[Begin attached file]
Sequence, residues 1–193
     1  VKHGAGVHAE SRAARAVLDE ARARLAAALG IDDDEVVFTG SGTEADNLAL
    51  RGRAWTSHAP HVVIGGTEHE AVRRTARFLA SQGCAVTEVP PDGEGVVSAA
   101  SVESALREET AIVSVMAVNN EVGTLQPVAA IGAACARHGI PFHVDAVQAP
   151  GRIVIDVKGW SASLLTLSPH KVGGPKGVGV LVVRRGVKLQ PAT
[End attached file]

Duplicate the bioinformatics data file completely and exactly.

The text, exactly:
Sequence, residues 1–193
     1  VKHGAGVHAE SRAARAVLDE ARARLAAALG IDDDEVVFTG SGTEADNLAL
    51  RGRAWTSHAP HVVIGGTEHE AVRRTARFLA SQGCAVTEVP PDGEGVVSAA
   101  SVESALREET AIVSVMAVNN EVGTLQPVAA IGAACARHGI PFHVDAVQAP
   151  GRIVIDVKGW SASLLTLSPH KVGGPKGVGV LVVRRGVKLQ PAT